You know, for a time, my daughter Angela and her husband Nathan, fostered two little girls, which was a joy to them and a blessing to us, and one of them had a way of responding, which I loved and have reflected on, and maybe we, “Hey, we want to go to McDonald’s for an ice cream, or Hey, you know what? We’re going to go down to the beach tomorrow afternoon or maybe, Hey, we’ve got tickets for Disney.” And invariably she would respond with a big smile on her face. For real. I loved it for real. I can imagine they’re doing it right now, but the more I thought about it too, I think there’s a sadness behind that or at least it produced that as in at least for a part of her life, promises were broken and much that was said was going to happen, never happened. And so much of her life was a disappointment.
And so are you for real? Don’t disappoint me. Are you for real? For real? Paul wants that from you and me and whatever we say we’re going to do for God and whatever we say we are for God for real. We better be for real because Satan’s a liar and you can’t beat him if you’re living a lie. And if you’re involved in intrigue and scheming and hypocrisy, you’re playing his game and you’ll never beat him at it. Here’s the next thought. The breastplate of righteousness and we’ll wrap this up. The second piece of kit that Paul talks about is the breastplate of righteousness, verse 14. Now, no Roman soldier entered the battlefield without a breastplate. It was a tough sleeveless piece of armor that covered the full torso. It was made of leather or heavy linen and overlapping slices of animal hooves or animal horns or pieces of metal sewn on it.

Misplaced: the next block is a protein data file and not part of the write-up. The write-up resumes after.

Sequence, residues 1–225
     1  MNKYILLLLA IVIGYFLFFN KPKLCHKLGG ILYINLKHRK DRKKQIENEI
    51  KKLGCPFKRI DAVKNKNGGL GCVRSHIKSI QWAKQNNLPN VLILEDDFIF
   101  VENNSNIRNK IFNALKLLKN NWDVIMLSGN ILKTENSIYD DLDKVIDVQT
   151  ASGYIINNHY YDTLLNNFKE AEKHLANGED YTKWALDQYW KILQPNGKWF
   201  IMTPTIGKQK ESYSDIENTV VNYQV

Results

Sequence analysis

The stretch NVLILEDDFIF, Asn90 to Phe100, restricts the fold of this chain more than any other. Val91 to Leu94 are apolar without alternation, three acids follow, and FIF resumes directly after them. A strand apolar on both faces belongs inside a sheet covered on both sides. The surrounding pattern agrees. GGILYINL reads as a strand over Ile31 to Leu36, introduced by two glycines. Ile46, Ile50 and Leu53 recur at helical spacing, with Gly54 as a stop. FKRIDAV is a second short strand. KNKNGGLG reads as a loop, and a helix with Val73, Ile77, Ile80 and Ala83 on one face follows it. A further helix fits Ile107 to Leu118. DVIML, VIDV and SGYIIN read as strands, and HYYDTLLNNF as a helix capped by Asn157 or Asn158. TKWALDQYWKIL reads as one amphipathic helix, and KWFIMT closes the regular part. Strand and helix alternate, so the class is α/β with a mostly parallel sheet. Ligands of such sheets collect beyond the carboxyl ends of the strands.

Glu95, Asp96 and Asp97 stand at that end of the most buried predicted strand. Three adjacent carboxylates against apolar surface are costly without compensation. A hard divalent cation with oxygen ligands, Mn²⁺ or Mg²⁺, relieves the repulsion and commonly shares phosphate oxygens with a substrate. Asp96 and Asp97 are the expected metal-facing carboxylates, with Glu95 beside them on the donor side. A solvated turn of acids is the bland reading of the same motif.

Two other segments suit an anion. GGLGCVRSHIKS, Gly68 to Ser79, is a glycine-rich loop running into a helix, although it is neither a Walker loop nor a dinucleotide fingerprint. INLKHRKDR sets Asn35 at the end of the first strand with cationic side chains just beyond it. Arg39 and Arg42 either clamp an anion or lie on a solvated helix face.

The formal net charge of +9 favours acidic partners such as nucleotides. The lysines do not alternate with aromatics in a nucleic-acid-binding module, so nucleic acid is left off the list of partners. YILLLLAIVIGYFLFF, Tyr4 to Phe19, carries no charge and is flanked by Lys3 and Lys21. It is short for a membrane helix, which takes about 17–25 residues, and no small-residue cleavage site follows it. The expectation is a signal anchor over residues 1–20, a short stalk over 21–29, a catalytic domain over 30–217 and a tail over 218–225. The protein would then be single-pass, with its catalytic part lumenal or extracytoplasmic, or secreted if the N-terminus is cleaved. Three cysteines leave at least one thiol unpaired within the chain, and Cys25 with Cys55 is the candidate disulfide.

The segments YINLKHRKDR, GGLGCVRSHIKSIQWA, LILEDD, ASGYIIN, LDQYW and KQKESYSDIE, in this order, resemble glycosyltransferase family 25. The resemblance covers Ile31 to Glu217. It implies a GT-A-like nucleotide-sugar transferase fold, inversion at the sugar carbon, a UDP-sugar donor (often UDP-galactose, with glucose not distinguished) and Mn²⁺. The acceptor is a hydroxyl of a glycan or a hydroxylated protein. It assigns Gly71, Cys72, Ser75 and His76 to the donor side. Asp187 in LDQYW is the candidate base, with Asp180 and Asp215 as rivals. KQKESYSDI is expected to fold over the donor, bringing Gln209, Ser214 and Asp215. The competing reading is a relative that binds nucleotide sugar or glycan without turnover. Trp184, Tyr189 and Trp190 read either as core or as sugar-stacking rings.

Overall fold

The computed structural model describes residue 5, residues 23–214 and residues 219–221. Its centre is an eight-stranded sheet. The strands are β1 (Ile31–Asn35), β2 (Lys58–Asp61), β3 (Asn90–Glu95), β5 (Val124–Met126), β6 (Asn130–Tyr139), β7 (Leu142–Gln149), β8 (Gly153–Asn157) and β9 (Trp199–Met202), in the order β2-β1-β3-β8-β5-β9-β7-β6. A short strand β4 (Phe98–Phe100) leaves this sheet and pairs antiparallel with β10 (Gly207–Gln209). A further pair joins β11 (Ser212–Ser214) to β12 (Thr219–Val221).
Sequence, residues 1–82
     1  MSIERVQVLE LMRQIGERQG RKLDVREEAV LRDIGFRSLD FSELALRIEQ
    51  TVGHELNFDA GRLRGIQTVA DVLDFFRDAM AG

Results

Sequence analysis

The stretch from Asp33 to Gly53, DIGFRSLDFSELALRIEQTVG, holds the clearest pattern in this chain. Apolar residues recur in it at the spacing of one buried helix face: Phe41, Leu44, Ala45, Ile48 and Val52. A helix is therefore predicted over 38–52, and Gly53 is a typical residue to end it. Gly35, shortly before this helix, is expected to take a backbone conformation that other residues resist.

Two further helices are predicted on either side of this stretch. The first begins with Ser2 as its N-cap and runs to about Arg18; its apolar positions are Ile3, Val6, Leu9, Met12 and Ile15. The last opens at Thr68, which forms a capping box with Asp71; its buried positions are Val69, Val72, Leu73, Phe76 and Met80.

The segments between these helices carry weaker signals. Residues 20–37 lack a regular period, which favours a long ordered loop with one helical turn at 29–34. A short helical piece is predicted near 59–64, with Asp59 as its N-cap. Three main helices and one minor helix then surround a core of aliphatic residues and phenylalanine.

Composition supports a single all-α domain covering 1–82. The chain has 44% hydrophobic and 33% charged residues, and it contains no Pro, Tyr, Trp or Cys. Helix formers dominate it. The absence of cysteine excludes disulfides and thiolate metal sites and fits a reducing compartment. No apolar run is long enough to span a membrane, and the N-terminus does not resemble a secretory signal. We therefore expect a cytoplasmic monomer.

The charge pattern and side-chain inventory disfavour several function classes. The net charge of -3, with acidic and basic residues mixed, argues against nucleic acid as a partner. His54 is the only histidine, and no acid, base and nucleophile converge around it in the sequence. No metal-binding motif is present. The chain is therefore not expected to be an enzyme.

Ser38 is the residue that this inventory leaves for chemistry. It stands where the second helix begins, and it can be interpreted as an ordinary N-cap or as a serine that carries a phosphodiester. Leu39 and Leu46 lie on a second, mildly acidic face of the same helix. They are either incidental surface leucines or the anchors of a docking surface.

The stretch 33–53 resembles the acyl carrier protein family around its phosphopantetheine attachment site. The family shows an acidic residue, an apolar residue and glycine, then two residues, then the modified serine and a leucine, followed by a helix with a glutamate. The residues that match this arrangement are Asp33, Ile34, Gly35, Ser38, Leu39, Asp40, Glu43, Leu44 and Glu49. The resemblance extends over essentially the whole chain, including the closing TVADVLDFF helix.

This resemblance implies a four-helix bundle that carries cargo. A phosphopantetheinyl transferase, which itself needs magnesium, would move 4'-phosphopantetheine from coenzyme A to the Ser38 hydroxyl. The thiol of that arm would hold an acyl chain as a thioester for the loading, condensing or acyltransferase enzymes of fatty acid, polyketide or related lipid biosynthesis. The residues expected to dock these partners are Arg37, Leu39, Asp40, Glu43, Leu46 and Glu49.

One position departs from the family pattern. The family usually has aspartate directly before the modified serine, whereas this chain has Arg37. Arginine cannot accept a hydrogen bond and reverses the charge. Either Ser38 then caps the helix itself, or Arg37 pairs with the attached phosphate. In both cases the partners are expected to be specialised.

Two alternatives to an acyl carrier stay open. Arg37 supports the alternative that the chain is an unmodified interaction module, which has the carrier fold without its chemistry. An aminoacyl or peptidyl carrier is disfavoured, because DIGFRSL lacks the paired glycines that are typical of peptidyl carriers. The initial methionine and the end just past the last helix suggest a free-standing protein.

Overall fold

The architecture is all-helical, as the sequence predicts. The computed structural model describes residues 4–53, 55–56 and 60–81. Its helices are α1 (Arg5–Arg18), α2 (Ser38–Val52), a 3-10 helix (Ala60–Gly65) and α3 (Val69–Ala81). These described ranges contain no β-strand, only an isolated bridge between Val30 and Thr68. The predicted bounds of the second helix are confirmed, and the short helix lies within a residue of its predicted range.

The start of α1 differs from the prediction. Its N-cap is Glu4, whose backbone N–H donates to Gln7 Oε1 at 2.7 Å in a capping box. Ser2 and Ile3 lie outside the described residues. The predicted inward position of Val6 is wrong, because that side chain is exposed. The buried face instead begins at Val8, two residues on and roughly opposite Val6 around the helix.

In some cases, perhaps for officers, it was made of a large piece of metal molded and hammered to conform to the body. And as you can imagine, it protected the heart, the lungs, and the vital organs. It was a very essential piece of equipment. And so Paul takes this, this is the second image he’s imagineering here with the Roman soldier beside him here in this fight against the world, the flesh and the devil, be authentic, be real, and secondly, be righteous. We’re taking the subjective side of the argument here. This is not imputed righteousness, although that’s not far from our thoughts. This is practical holiness. John MacArthur is helpful here in a little book on spiritual warfare. Paul here is obviously not speaking of self-righteousness, which is not righteousness at all, but the sin of pride, nor is he speaking of imputed righteousness. The righteousness God applies to the account of every Christian, the moment they believe in Christ.